Daniel Lemire's blog

, 10 min read

When is a bitmap faster than an integer list?

13 thoughts on “When is a bitmap faster than an integer list?”

  1. Itman says:

    There are some downsides to the bitmap approach: you first have to construct the bitmaps and then you have to extract the set bits.

    If you do a bunch of intersections, you end up with few non-zero bits/bytes. Hence, extraction may be quite cheap.

    PS: Is JavaEH a sparse bitmap?

  2. @Itman

    1) Bitmap decoding should be cheap compared to the cost of computing an intersection, but it is still a significant overhead. Thankfully, you can reduce this overhead with fast bitmap decoding algorithms (see http://lemire.me/blog/archives/2012/05/21/fast-bitmap-decoding/).

    2) Yes, JavaEWAH supports sparse bitmaps. There is also a C++ counterpart (https://github.com/lemire/EWAHBoolArray) but JavaEWAH is more popular.

  3. KWillets says:

    A good question to ask is how few bits we have to examine to construct the intersection of 2 or more vectors, given any choice of encoding for the vectors (without pre-storing intersections, etc.).

    I looked at this problem some years ago and decided that (delta and) Golomb-Rice coding could be rearranged into a sort of bucketed bitmap arrangement, where the range is broken into buckets of M consecutive int’s, represented in a bitmap (corresponding the unary parts of the coding), and an array of offsets within each occupied bucket, encoded in truncated binary as in the original.

    For example, a sorted vector of int’s in the range 0-127, with a Golomb-Rice bucket size of 8, would be broken into a 16-bit bitmap (buckets 0-7,8-15, …,120-127), and an array of offsets r < 8 within those buckets, in truncated binary (since a bucket can contain more than one value, the offsets also need a bit to indicate "consecutive in the same bucket" or some such).

    Calculating the intersection is a two-step process of first and-ing the bitmaps, and then fetching and comparing offsets in any bucket where a 1 remains. Since the offsets may be slow to fetch, the idea is to use the bitmaps as much as possible.

    The optimality of Golomb-Rice means the average bitmap will be about 50% sparse, and n-way intersections can get 2^-n sparsity before any bucket contents need to be examined.

    I never decided on the best way to store the offsets, but this seemed like a good way to size the summary bitmaps.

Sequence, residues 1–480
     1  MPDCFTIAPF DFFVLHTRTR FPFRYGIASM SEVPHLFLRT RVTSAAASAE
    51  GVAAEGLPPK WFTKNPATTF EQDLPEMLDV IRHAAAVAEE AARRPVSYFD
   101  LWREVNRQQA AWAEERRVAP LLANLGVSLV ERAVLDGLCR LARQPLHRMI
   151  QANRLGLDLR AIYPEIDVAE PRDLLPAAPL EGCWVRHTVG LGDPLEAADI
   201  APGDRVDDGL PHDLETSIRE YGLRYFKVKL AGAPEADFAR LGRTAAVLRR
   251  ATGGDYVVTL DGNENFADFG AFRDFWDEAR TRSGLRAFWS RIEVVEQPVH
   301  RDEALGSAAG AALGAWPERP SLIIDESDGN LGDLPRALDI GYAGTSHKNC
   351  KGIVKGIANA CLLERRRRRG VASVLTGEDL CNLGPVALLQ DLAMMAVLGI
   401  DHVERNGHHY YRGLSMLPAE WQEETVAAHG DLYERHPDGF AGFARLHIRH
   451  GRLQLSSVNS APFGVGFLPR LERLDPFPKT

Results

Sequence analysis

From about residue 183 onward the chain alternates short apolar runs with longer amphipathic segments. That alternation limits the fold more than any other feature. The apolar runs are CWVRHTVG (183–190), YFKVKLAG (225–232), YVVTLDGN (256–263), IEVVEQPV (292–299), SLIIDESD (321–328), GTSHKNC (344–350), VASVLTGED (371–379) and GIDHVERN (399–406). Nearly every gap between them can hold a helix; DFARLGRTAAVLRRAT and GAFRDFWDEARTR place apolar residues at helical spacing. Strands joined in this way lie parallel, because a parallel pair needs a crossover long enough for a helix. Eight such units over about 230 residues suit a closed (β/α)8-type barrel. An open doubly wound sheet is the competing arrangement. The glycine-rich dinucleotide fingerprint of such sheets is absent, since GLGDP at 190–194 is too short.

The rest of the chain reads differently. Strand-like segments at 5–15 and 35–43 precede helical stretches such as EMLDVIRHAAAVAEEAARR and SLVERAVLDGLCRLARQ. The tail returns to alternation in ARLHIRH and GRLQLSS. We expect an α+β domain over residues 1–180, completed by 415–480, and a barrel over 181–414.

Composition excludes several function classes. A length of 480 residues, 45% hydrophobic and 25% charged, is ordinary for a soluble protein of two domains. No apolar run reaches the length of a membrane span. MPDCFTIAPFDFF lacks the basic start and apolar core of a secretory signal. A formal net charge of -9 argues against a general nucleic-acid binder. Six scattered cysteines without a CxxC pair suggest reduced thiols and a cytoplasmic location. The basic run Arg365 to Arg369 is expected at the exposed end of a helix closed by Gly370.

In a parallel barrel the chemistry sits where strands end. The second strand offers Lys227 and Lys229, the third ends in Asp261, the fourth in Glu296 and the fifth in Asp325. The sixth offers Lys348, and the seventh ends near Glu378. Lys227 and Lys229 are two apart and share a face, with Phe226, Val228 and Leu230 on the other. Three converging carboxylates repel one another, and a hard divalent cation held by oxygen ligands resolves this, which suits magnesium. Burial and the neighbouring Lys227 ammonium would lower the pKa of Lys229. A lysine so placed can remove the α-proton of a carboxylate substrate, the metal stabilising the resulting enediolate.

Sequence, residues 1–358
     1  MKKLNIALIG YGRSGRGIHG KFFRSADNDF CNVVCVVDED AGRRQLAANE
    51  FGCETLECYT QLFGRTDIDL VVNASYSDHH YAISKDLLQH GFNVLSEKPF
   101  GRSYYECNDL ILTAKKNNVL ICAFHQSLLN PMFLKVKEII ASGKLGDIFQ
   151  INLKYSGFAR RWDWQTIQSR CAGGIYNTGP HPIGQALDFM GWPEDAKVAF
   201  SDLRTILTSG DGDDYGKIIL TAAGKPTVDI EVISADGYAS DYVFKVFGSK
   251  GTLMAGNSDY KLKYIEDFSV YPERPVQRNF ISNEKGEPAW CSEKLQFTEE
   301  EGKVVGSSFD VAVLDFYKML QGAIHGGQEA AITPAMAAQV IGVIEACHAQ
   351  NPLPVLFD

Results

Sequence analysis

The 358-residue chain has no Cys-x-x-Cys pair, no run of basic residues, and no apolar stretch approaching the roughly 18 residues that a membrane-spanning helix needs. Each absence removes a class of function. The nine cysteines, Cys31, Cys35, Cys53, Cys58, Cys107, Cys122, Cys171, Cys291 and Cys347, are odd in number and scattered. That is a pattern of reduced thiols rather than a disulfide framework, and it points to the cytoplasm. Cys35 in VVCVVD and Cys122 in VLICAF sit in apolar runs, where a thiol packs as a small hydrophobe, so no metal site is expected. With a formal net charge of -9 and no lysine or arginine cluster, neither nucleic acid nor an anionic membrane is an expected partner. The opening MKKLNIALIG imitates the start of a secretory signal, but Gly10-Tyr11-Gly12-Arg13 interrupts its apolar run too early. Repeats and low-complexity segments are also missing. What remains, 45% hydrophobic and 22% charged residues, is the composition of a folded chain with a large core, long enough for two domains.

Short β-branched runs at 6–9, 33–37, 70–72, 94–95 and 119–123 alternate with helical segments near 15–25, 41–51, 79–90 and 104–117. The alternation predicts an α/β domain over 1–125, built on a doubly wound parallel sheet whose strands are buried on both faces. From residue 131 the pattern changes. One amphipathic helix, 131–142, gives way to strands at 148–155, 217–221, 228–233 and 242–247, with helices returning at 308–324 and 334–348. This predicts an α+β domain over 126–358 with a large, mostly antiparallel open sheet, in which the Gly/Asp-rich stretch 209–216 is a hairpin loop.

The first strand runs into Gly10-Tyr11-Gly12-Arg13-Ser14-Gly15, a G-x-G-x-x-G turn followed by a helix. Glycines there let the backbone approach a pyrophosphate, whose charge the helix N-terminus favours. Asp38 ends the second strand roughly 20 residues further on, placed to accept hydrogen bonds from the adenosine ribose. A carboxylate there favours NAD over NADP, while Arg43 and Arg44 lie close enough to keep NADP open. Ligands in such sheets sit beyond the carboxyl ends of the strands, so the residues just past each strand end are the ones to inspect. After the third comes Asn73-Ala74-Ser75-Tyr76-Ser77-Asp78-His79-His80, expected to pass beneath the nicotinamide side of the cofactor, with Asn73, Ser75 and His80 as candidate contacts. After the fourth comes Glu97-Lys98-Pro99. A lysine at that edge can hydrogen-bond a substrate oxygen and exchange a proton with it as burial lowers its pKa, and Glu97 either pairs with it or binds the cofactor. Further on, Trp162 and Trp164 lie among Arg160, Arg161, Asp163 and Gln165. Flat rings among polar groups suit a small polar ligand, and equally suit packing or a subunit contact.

1. Tobin Baker says:

      You have basically just described Elias-Fano coding, which is provably optimal. See these slides for a nice intro: http://shonan.nii.ac.jp/seminar/029/wp-content/uploads/sites/12/2013/07/Sebastiano_Shonan.pdf

  4. @KWillets

    It is a reasonable approach. Have you tried implementing it?

  5. Ajinkya Kale says:

    I just love the way you treat simple problems into fun analysis!

  6. KWillets says:

    No, I did some fiddling with it, but my employer at the time wasn’t interested, and I didn’t have the time to flesh it out fully. It might be fun to code up a simple benchmark.

  7. @KWillets

    Get in touch with me if you do.

  8. KWillets says:

    It might be worth a shot.

    It’s also easier in Rice coding, because the offsets/remainders are fixed width.

  9. Clearing the sparse bitmap can take a while and that’s a pain if it’s a frequent operation. Russ Cox gives a nice explanation of an old technique for using uninitialised memory for a sparse set that allows a fast clear with slightly higher cost to the set and test operations. http://research.swtch.com/sparse

  10. Calum says:

    I read somewhere that the most efficient data structure to represent a deck of playing cards is actually a bitmap, perhaps organised as 4*16-bit numbers representing the suits. Then it becomes much simpler/faster to detect various hands using bitwise operations.

    This is most useful in AI where a lot of eventualities need to be computed quickly.

  11. Maxime Caron says:

    Any idea how EWAH compare in speed or size to “COmpressed ‘N’ Composable Integer SET”
    see: http://ricerca.mat.uniroma3.it/users/colanton/concise.html

    I am trying to heuristic that would let a database engine decide which implementation to use.

  12. @Maxime

    I have written a benchmark to compare the various bitmap libraries, including Concise.

    Please go to


    If you are interested in the results I get on my machine, you can browse:


    As usual, there are trade-offs.

    If you want to run the test yourself, grab a copy and execute the bash script “run.sh” (or the Windows equivalent).

    If you want to hack the code or add your own benchmarks, I’ll be very interested in any contribution.